Wednesday, February 24, 2010

A Writing Exercise

Basketball players  practice a lot. The ones who practice hard are the ones who excell in the games they play against opponents and in front of the fans. The guy who slacks off in practice usually ends up warming the bench a lot because he doesn't give much to his team on game night.

Writers are no different. They need to practice, too. And the best way to do that is to do writing exercises. Google 'writing exercises' and you'll come up with a long list to choose from. Or purchase a book of writing exercises. Beginning writers sometimes think they're boring and so they skip them entirely. They want to get on to the real writing. The kind an editor will purchase and publish. To get to that kind of writing, it takes practice. Skipping the exercise step won't be to your advantage.

I've found that doing a writing exercise often triggers thoughts about something I would like to write, or it shows me a place where I've fallen down in my writing. A short, simple exercise reveals much more than you would think. One I partcularly enjoyed doing was on color. The direction given was to write a paragraph or several paragraphs in which a color is described but never actually named. A challenge! My effort is below. Give it a try and then find some other exercises to do. Make it a regular part of your writing routine.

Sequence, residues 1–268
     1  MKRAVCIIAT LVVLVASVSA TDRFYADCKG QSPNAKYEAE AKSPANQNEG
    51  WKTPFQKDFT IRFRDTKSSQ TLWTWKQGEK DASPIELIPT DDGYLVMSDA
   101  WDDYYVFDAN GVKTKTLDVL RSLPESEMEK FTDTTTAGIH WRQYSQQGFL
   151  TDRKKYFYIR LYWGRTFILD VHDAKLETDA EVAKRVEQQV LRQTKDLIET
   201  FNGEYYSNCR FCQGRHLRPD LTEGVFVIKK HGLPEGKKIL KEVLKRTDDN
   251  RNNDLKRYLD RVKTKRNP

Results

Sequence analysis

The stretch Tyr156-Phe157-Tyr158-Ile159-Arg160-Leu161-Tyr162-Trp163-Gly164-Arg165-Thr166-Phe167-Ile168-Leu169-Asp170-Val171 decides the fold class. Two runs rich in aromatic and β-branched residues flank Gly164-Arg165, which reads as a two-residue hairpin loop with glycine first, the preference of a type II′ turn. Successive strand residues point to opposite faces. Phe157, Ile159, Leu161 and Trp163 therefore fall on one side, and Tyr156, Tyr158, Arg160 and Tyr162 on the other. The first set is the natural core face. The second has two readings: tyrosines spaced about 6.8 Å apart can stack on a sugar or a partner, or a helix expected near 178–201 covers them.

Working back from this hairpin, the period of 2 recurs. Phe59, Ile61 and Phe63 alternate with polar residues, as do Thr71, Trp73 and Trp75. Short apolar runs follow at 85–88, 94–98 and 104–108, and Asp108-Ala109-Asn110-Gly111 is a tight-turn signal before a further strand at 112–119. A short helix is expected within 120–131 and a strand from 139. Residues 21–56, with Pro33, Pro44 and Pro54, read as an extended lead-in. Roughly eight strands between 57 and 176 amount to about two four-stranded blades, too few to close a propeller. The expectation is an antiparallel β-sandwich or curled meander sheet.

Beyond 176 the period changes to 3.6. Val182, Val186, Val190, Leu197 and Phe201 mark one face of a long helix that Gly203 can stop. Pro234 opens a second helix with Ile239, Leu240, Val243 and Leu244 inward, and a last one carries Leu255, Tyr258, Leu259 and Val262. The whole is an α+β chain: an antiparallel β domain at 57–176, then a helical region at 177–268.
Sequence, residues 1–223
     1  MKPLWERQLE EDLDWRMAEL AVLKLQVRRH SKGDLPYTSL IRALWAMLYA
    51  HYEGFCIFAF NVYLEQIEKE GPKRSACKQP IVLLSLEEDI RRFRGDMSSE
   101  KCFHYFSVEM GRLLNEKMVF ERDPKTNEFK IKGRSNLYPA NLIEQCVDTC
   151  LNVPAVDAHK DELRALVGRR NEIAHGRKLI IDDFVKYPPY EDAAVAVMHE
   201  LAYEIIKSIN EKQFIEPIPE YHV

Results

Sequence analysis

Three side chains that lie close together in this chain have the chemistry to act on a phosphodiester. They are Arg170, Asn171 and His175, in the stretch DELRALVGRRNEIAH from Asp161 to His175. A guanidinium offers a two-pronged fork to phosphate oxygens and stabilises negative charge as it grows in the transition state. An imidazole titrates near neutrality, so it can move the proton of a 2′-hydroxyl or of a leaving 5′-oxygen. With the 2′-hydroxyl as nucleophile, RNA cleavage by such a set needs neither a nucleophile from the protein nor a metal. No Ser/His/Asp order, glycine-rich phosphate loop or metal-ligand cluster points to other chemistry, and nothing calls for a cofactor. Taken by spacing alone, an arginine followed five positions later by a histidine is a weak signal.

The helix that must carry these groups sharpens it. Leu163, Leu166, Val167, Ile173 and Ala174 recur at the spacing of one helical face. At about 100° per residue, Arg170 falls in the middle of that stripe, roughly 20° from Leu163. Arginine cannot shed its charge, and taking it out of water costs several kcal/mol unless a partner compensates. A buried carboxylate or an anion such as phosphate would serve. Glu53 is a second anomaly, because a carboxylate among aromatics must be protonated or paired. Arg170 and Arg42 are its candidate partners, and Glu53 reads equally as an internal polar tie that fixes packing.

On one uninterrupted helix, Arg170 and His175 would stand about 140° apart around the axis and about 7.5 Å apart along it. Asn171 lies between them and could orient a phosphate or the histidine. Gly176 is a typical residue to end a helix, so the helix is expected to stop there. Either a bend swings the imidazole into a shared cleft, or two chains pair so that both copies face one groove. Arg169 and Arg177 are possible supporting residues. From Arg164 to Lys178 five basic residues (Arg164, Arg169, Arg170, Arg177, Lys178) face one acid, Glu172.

Color Exercise:  Color Exercise #2

Silver: (trying to give a picture of the color without mentioning the word silver. Did I?)

The sun’s rays hit the giant metal symbol and bounced back, almost as if a bullet had ricocheted. I shaded my eyes from the gleam, then tilted my head to get a better look at the newly erected artwork at the entrance to the raceway. It resembled a charger plate meant for a giant’s dinner, a wealthy giant perhaps, for the raised carvings on it spoke of riches. I thought it might fit better in a pharaoh’s tomb than here where men soared around the oval track in souped-up cars, hellbent on nothing but winning the race and downing as many beers as possible afterward.

Every person who approached the new symbol paused to drink in its splendor. Some appeared mesmerized by the opulence, others smiled and moved on, while a few stood transfixed. The lustrous artwork looked richer than gold might have. Hands reached out to touch but stopped short as if in fear of leaving marks on the resplendent, round plate.

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